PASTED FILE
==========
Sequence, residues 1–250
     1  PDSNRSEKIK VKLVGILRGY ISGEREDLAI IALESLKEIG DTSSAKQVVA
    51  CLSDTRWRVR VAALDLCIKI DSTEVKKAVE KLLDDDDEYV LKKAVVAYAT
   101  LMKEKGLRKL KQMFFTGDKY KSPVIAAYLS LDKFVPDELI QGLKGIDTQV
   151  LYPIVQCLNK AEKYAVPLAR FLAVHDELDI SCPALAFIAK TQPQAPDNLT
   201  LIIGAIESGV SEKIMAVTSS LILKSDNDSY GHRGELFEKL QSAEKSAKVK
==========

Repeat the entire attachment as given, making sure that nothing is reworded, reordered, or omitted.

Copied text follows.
Sequence, residues 1–250
     1  PDSNRSEKIK VKLVGILRGY ISGEREDLAI IALESLKEIG DTSSAKQVVA
    51  CLSDTRWRVR VAALDLCIKI DSTEVKKAVE KLLDDDDEYV LKKAVVAYAT
   101  LMKEKGLRKL KQMFFTGDKY KSPVIAAYLS LDKFVPDELI QGLKGIDTQV
   151  LYPIVQCLNK AEKYAVPLAR FLAVHDELDI SCPALAFIAK TQPQAPDNLT
   201  LIIGAIESGV SEKIMAVTSS LILKSDNDSY GHRGELFEKL QSAEKSAKVK